‘Luminously written, thrilling, unexpectedly erudite, and beautifully structured’ Geoffrey Wansell, Daily Mail
When Ellie Pascoe finds herself under threat, the men in her life assume it’s because she’s married to a cop.
But while they trawl after shoals of red herrings, Ellie is blasted off course with a motley crew of women on a voyage of discovery whose perils make Scylla and Charybdis look like a pair of Barbie dolls.
Irish arms, Colombian drugs, and men who will stop at nothing, create a tidal wave which threatens to sweep her away. She heads out of town in search of haven, but instead finds herself at the very edge of the storm in a remote clifftop house undermined by the sea.
Fat Andy eventually smells a Security Service rat and comes steaming to the rescue, but for once it’s too little, too late. Ellie’s on her own (apart from her Middle England friend, Daphne; an octogenarian aid-worker and her vapid secretary; a gorgeous South American money launderer; an ancient crone; and a female cop who gets up her nose) and must reach deep down into her reserves to find the strength to survive.
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Readers await each new Dalziel and Pascoe novel from Reginald Hill with great anticipation and fans will be pleased to find that Arms and the Women is absolutely vintage stuff: pungently witty dialogue coupled with Hill's highly intelligent plotting. And after the massive success of On Beulah Height, Hill took a risk by introducing an innovation--the new novel is written in the book-within-a-book format. Dalziel and Pascoe, however, are true to form. The former as blunt and bawdy as ever, while the university-educated Pascoe with his troubling conscience makes the perfect contrast.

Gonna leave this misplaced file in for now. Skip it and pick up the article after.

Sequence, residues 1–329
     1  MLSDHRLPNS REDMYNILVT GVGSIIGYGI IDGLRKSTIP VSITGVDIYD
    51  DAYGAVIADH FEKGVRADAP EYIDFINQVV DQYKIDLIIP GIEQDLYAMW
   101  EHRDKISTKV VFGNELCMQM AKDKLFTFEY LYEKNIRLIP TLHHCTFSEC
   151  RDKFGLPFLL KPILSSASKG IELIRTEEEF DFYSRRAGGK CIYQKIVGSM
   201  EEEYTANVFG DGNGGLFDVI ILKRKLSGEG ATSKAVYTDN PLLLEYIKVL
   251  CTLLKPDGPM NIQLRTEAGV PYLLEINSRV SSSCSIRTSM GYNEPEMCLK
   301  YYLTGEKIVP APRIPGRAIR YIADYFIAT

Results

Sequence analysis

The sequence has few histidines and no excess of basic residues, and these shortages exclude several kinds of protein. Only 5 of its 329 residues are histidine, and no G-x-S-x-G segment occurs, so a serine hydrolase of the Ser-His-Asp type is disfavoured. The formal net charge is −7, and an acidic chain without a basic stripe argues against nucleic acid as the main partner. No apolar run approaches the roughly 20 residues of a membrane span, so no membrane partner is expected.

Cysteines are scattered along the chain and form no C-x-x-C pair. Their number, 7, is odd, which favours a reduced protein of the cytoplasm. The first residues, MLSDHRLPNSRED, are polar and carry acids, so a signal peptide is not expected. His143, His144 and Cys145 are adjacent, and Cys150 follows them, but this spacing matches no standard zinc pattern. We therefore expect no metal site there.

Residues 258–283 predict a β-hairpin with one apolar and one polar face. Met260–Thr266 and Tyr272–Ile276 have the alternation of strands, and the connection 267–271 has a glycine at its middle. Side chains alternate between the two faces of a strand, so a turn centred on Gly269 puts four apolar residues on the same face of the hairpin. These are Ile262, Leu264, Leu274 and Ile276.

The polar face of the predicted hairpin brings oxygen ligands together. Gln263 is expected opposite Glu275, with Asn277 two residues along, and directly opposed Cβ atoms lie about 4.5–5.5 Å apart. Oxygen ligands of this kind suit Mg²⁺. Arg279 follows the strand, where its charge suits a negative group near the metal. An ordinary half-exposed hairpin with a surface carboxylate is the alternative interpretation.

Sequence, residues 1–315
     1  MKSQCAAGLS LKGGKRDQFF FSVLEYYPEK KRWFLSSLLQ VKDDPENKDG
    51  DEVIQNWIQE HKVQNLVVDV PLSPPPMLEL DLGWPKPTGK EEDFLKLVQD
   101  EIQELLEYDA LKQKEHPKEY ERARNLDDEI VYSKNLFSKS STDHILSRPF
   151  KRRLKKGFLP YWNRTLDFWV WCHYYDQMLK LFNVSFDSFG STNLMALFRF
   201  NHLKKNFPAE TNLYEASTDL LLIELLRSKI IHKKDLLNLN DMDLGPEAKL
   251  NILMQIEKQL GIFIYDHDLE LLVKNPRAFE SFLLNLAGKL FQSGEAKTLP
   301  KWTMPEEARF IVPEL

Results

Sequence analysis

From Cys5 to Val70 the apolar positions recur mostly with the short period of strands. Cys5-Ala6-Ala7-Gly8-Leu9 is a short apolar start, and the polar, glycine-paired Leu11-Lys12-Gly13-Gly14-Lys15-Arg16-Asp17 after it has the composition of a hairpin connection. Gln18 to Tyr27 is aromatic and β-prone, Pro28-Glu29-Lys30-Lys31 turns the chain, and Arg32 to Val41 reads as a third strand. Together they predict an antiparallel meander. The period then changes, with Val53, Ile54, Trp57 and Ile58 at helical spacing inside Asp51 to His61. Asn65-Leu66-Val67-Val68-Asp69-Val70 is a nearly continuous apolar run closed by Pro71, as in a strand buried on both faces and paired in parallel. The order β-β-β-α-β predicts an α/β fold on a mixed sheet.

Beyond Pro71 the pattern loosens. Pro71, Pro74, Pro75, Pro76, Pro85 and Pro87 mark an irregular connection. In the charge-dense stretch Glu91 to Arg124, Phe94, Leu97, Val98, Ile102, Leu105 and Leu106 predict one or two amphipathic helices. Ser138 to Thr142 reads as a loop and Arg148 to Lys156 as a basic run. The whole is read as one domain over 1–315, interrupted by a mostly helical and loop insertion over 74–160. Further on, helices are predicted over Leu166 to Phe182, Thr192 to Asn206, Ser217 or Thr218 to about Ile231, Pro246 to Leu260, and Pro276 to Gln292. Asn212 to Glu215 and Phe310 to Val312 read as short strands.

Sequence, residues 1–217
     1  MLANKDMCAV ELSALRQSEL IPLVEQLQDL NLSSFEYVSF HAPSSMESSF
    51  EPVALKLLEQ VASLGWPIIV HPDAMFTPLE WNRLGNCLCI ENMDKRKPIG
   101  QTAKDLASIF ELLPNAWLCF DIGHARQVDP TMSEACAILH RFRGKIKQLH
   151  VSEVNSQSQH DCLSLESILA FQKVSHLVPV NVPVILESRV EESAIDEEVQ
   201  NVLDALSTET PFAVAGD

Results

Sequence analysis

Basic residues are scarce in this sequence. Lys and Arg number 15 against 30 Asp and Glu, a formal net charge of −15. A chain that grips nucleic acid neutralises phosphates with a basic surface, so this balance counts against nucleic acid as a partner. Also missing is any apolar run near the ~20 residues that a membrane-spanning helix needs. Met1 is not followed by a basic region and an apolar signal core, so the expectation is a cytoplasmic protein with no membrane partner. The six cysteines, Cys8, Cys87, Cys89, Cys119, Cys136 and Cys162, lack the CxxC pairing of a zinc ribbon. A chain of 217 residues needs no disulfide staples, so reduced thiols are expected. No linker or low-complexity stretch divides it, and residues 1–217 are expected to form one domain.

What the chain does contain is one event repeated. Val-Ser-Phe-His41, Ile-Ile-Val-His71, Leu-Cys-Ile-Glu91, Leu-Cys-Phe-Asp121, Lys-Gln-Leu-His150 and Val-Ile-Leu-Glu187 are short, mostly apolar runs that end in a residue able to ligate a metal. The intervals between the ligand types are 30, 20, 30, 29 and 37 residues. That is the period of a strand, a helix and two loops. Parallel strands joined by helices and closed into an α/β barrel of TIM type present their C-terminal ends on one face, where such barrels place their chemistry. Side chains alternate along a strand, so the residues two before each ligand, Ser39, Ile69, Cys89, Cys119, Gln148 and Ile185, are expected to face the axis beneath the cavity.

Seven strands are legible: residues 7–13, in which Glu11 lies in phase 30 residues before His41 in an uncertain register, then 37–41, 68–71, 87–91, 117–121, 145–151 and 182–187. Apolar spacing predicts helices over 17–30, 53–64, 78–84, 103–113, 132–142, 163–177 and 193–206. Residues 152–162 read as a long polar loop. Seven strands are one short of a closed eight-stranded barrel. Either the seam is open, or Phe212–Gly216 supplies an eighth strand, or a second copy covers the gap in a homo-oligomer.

Ellie, a former campaigner for the hard left, is writing a book--the very book that readers have access to. So when Ellie's life is threatened, her friends assume it has to do with her marriage to a cop. But Ellie isn't so sure and enlists the help of the doughty duo, soon finding the death threats lead to packs of Irish Republicans, Colombian drug-dealers and bogus council officers. Interestingly enough, Ellie's problems are shared with a motley assortment of other women: her middle-class friend Daphne, a vivacious South American money-launderer and a pushy female copper. Is the target her husband Peter? Needless to say, the narrative has enough twists and turns to baffle the most astute reader, and each fresh revelation is both dramatic and unexpected.
Even without the pyrotechnics of plot, Dalziel remains a highly entertaining, and Hill enthusiasts will feel that they are getting their money's worth. --Barry ForshawReview:
‘Few writers in the genre today have Hill’s gifts: formidable intelligence, quick humour, compassion and a prose style that blends elegance and grace’ Donna Leon, Sunday Times
‘The fertility of Hill’s imagination, the range of his power, the sheer quality of his literary style never cease to delight’ Val McDermid, Sunday Express
‘He is probably the best living male crime writer in the English-speaking world’ Andrew Taylor, Independent
‘Reginald Hill’s novels are really dances to the music of time, his heroes and villains interconnecting, their stories entwining’ Ian Rankin, Scotland on Sunday
‘An increasingly lyrical and always humorous writer, he is first and foremost an instinctive and complete novelist who is blessed with a spontaneous storytelling gift’ Francis Fyfield, Mail On Sunday
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Book Description Harper, 2001. Paperback. Book Condition: New. book. Bookseller Inventory # 6512879